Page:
Short Stories, Irish literature, Classics, Modern Fiction, Contemporary Literary Fiction, The Japanese Novel, Post Colonial Asian Fiction, The Legacy of the Austro-Hungarian Empire and quality Historical Novels are Among my Interests

Monday, April 18, 2011

"Subha" by Rabindranth Tagore-

"Subha" by Rabindranth Tagore (13 pages, 1918)

In July of last year I read and posted on Rabindranth Tagore's short story, "Hungry Stones".   This morning I read another wonderful and very moving story of total isolation and loneliness by Tagore, "Subha".

Tagore (1861 to 1941) was born in Kolkata, Indian into a family whose wealth and life style can now only be seen in movies.    His father owned an estate so huge that at one point in his life Tagore traveled through it on a luxurious barge and was met on the river bank by tenants paying token rents to him.   Tagore was raised mostly by servants as his mother died young and his father was very busy administrating the vast estates he owned.   Tagore was educated in classical Indian literature and at age eight began to write poetry and ended up reshaping the Bengali Language.   Later in his life he founded a school and devoted himself entirely to his writing and teachings.   His moral authority became so great that he was able to write the national anthems of both India and Bangladesh, give Gandhi the title of Mahatma (teacher),  and  had a status as a moral leader on a par with  Gandi.   He traveled to the west and met William Butler Yeats, Ezra Pound and other notable literary figures.   This was in a period when western writers were fascinated by Indian thinkers and Yeats wrote the preface for one of his first translations in English.   He wrote largely in Bengali.   His body of work is a great literary treasure.

"Subha" is near heartbreaking tale of the isolation of a deaf and mute girl.   Subha is born into a financially comfortable family.   She is the youngest of three daughters.    Her mother feels a sense of shame she never overcomes when the family realizes that Subha will never be able to speak or hear.   In the culture of the time congenital impairments of children were seen as sign of a moral defect or depravity in the mother.    Her mother tries to love her but she can barely force the emotion.   Her father loves and accepts her.   In due time her older two sisters are married to proper men and given a proper dowry.   Fiinding a husband for Subha is not so simple.   Future mother in laws fear she will give birth to children with the same impairments she has.   Subha has learned to cope as best she can within the context of her family by communicating with gestures understood only within the family.   Her only friends are the two family cows.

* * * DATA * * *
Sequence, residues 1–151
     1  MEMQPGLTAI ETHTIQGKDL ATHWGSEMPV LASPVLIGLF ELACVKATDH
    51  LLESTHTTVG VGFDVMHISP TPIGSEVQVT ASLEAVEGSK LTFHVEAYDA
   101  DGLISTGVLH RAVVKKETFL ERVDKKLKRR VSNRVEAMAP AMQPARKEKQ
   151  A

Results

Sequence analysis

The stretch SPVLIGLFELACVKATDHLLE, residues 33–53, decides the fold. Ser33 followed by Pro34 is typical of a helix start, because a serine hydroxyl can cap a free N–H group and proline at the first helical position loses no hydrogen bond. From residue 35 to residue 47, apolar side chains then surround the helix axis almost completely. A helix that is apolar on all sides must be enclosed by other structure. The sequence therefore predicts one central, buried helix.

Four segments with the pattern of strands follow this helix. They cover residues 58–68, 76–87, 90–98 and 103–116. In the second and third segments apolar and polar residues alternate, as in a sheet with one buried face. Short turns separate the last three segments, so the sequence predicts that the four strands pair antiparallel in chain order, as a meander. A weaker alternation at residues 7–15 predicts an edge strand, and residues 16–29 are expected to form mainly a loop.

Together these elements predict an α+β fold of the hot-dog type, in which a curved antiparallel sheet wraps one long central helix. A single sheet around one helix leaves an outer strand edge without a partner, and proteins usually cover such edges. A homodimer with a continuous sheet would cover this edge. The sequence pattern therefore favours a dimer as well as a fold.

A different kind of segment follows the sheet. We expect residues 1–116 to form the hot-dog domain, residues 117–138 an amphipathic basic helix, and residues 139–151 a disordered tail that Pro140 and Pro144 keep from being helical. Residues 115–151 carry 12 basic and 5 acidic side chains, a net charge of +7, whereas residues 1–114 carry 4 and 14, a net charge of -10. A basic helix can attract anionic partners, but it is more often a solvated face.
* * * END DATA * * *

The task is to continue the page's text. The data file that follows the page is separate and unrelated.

One day Subha meets a fisherman. It happens that the man is somehow viewed as simple.   His only interest in life is casting his fishing net.   His family has long ago accepted that he will never amount to anything.  The man appreciates her silence as talking might frighten the fish.    She comes to enjoy seeing him cast his net.   She begins to feel romantic about him.   I will quote a bit from the story to convey  a feel for the prose.

 With her large eyes wide open, she scanned their faces as though she wished to learn something. But. One afternoon in the midst of all this, as Pratap was fishing, he laughed: 'So then, Su, they have caught your bridegroom, and you are going to be married! Mind you don't forget me altogether!' Then he turned his mind again to his fishing. As a stricken doe looks in the hunter's face, asking in silent agony: 'What have ned I done to harm you?' so Subha looked at Pratap. That day she sat no longer beneath her tree. Banikantha, having finished his nap, was smoking in his bedroom when Subha dropped at his feet and burst out weeping as she gazed towards him. Banikantha tried to comfort her and his own cheek grew wet with tears.
It was settled that on the morrow they should go to Calcutta. Subha went to the cowshed to bid farewell to the comrades of her childhood. She fed them from her hand; she clasped their necks; she looked into their faces, and tears fell fast from the eyes which spoke for her. That night was the tenth of the new moon. Subha left her room, and flung herself down on her grassy couch beside the river she loved so much. It was as if she threw her arms about the Earth, her strong, silent mother, and tried to say: 'Do not let me leave you, mother. Put your arms about me, as I have put mine about you, and hold me fast.'

I found the scene in which she parts with her only friends, the two cows, very moving and very sad.   Something terrible will soon happen to Subha but I do not wish to spoil the ending.   There is a lot to be learned in this story about Indian culture and family life in the 1910s.   I recommend this story without reservation.

"Shubha" can be read Here

If you have a favorite Tagore short story please leave  comment.

I am also seeking suggestions for other short stories by Indian authors from the pre-WWII era (that can be read online)-


The Insouciant Sophisticate said...

Some Tagore stories I liked were "Holiday," "Exercise-Book," and "The Gift of Sight" all of which I read for class in a Penguin collection of Tagore's short stories from the 1890s.

I didn't read this story but it sounds really good even if something terrible ends up happening to Subha.

Mel u said...

BookWorm 1858-Thanks for sharing your favorite stories-I will look for them

Anonymous said...

Have you read the Nobel Prize winning work of Gurudev Tagore, the Gitanjali?